The clearest example of the power of a legacy gift is the seed money for the capital campaign for the Wildlife Care Center and Cornell campus that is being considered today. We have the confidence to pursue this campaign directly because of a multimillion dollar bequest. The full campaign will cost considerably more than the bequest, but the bequest allowed us to believe that this dream could become real.
Bequests come to Portland Audubon from folks who have found joy in the natural world and believe in what we do. These surprise gifts are humbling and fill us with gratitude. As we read supporting documentation that accompany the checks, we see a final expression of open-hearted, thoughtful generosity that gives additional meaning to that life.
Another form of legacy gift is a memorial, which typically comes from the family or friends of those who have passed rather than through a will. A family member may know that the mission of Portland Audubon was important to their loved one, so they will give in their loved one’s name. Parents of young adults who passed way too early, Spencer Higgins and Amy Frank, have set up two different funds to support the work of our Education Department.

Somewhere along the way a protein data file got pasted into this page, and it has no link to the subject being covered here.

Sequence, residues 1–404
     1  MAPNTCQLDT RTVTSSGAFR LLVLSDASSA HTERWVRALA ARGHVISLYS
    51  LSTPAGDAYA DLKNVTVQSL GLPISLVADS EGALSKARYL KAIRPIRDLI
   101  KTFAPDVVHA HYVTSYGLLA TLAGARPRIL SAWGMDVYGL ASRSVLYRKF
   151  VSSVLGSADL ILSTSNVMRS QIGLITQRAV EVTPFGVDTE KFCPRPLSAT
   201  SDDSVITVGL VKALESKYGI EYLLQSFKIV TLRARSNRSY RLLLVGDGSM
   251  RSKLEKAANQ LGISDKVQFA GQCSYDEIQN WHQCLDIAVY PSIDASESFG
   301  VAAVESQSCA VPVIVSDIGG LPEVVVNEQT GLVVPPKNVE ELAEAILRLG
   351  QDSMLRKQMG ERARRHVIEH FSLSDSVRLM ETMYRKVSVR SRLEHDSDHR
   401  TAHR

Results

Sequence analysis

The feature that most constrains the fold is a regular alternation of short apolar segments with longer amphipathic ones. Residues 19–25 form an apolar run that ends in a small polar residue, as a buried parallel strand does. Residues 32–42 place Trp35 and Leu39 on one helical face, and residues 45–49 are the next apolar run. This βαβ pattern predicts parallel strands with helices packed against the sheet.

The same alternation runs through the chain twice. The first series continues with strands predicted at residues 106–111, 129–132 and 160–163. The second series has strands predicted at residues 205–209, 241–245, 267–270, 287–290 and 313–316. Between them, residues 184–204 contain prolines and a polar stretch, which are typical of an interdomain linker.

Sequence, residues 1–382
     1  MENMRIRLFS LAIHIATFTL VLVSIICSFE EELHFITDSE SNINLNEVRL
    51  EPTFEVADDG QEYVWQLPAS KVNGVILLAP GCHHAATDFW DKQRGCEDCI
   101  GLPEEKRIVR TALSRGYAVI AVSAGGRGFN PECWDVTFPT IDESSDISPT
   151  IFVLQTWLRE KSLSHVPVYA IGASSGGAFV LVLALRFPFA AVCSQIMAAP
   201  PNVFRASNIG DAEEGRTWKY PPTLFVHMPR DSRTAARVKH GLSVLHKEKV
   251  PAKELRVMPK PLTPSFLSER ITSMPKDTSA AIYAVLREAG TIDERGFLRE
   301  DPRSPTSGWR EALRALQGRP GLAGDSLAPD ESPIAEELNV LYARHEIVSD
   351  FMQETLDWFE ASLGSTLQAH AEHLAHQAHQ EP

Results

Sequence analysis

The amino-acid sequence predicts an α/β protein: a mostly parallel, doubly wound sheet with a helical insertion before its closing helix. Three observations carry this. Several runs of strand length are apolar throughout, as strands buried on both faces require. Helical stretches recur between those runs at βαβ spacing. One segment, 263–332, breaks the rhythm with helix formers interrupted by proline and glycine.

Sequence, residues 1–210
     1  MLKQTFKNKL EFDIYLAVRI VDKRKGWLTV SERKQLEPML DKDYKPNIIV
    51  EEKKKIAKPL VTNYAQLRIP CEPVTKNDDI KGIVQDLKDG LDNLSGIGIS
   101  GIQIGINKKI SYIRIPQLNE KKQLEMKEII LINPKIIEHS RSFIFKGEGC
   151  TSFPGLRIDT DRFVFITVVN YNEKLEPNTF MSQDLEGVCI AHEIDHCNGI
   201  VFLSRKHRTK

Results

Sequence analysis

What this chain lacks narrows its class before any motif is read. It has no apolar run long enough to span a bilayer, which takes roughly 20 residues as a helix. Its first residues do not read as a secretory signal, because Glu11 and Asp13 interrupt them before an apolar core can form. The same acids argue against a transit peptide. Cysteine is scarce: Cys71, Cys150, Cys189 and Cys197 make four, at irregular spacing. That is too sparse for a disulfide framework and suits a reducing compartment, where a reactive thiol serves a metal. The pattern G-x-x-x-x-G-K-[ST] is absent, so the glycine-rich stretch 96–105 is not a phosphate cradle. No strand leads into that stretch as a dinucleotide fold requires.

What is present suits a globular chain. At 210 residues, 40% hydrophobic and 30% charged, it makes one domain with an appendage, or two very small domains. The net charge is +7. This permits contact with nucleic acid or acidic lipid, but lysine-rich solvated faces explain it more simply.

Sometimes donors give from their estate while still very much alive, allowing them to see Portland Audubon benefit from their generosity. A couple we worked with placed their home in a living trust, where it significantly increased in value. When the husband died, and the wife decided to move closer to her children in Leavenworth, the couple’s investments financed her later years, and the proceeds of the house sale were given to Portland Audubon.
The significance of legacy gifts cannot be overstated. For the more than 145 people who have told us that Portland Audubon is in their will, and are part of the Legacy Circle, we are most grateful. For those of you considering making this step—thank you.